Trafford officials discuss ways to get info out
By Chris Foreman
Published: Wednesday, Dec. 25, 2013, 9:00 p.m.
Trafford officials are brainstorming ways to notify the community about bad-weather conditions or other emergency situations, especially through technology.
Emergency-management coordinator Frank Turoczy and Councilman Jay Race say they are in the early stages of discussing ideas.
Turoczy noted the online following that an anonymous Facebook account listed as “Trafford Crime Watch” has developed by posting news stories from the region and safety tips.
That account has 400 friends on Facebook.
Race said they will be reaching out for residents' input as they try to have something to present to the community by summer.
“I don't think it will lead down a route (in) which we will pay for any services,” Race said in an email.
“It is something we want to use to alert residents to various situations around the area, such as blocked or closed roads, severe weather or natural disasters.”
From an emergency-management standpoint, Turoczy said, he wants something that would help alert residents to bad weather, such as a tornado.
Borough officials deactivated the civil-defense siren that had been on the old fire station but haven't installed a new one at the public-safety building.
Councilman John Daykon pointed to the controversy surrounding the Municipal Authority of Westmoreland County's recent boil-water order as a situation from which Trafford officials could learn.
Some customers who were among the 50,000 affected by the four-day order complained about vague public information about a potentially contaminated water supply.
Daykon said borough officials could begin using a Twitter account — @TraffordBorough — for announcements. Officials have issued only one tweet since starting the account in January 2012.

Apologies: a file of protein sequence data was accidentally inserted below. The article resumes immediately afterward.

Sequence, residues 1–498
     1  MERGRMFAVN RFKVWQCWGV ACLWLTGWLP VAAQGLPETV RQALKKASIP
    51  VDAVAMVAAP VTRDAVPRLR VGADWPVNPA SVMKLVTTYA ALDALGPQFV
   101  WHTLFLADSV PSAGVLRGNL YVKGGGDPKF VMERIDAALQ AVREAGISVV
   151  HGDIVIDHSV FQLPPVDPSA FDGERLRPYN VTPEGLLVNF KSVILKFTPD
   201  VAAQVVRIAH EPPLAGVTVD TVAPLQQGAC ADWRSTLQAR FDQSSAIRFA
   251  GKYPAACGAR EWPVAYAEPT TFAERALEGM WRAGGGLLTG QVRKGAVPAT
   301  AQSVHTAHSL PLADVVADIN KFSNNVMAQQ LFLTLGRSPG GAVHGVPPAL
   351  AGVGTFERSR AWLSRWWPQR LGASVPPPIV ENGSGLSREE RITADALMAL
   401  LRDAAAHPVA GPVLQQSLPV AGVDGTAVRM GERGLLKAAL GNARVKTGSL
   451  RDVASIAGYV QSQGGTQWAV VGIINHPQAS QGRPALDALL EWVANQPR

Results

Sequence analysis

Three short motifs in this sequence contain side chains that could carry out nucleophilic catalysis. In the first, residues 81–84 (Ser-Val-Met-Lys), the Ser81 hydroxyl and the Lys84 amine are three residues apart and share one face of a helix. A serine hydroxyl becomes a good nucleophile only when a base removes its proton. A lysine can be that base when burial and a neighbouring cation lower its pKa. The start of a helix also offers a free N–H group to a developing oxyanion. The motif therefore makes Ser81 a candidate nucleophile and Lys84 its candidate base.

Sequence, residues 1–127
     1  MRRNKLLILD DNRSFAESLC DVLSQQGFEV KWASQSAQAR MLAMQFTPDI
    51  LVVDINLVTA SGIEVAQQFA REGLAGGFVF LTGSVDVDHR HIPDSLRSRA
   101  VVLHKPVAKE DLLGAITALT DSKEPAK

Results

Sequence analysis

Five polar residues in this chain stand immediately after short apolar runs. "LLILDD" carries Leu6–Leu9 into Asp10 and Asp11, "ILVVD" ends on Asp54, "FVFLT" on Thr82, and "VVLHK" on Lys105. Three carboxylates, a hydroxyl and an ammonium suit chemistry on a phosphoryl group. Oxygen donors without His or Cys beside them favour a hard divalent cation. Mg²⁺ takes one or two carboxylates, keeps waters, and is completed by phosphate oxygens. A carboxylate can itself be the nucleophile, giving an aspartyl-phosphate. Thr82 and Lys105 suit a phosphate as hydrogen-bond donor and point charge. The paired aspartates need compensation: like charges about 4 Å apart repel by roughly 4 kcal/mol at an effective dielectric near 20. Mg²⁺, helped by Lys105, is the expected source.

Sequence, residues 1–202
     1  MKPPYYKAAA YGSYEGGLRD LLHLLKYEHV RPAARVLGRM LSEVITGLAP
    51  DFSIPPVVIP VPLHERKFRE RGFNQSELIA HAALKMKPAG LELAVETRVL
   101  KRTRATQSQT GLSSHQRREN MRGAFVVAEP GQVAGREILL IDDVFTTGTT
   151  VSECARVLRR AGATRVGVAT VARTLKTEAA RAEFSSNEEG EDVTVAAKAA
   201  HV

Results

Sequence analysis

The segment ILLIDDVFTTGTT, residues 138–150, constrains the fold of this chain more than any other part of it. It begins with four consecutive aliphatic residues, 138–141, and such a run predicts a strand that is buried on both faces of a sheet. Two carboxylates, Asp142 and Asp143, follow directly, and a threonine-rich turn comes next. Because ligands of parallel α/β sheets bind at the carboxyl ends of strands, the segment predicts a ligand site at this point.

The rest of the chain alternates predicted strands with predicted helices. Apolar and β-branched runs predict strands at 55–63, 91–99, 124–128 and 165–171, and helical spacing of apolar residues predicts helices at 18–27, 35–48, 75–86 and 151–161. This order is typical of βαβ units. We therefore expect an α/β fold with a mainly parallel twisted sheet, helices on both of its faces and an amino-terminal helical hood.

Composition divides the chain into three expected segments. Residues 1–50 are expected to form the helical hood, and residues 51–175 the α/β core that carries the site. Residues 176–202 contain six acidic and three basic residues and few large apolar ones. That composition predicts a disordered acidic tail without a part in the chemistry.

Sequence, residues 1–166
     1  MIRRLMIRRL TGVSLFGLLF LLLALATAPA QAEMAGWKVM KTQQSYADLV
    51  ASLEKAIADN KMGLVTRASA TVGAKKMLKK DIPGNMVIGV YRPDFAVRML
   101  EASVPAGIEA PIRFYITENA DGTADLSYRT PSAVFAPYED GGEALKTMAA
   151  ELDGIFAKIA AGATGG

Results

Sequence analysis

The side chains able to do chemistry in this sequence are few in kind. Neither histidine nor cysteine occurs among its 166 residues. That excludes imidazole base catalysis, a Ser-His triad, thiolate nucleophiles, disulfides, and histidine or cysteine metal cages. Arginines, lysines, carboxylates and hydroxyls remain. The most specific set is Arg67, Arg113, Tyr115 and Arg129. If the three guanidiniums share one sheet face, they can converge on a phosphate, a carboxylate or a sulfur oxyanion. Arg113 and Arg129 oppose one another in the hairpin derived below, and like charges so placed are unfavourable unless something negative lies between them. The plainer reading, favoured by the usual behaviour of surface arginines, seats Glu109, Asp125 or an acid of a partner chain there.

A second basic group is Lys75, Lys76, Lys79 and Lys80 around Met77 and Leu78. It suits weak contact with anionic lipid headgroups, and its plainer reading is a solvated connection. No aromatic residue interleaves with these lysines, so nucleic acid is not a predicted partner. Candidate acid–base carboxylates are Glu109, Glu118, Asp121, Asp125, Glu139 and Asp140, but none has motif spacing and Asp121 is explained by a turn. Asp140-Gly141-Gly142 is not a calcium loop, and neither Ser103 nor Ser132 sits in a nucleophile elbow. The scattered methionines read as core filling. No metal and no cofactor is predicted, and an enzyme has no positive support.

“In case of emergency, I think we need to look at all aspects of social media,” Daykon said.
Now that people are beginning to rent the Manchester Room, borough officials are considering the addition of lighting for the parking lots to help guests get to their vehicles safely.
Mayor Rey Peduzzi said he thinks the borough ought to have lighting for patrons, especially in the new lot on Cavitt Avenue.
“I think that's something that needs to be addressed if we're going to have night-time activities,” he said.
Daykon agreed and said borough officials want people to feel safe when they're leaving events there.
Council intends to consider adoption of a new business parking district at its Jan. 21 meeting.
Under the proposal, council would eliminate parking meters and create free two-hour parking spots from 8 a.m. to 8 p.m. on weekdays for:
• Cavitt Avenue, from Third Street to Sixth Street.
• Fourth Street, from Brinton Avenue to Duquesne Avenue.
• Fifth Street, from the 7-Eleven near the Brinton Avenue intersection to Duquesne Avenue.
Chris Foreman is a staff writer for Trib Total Media. He can be reached at 412-856-7400, ext. 8671, or email@example.com.
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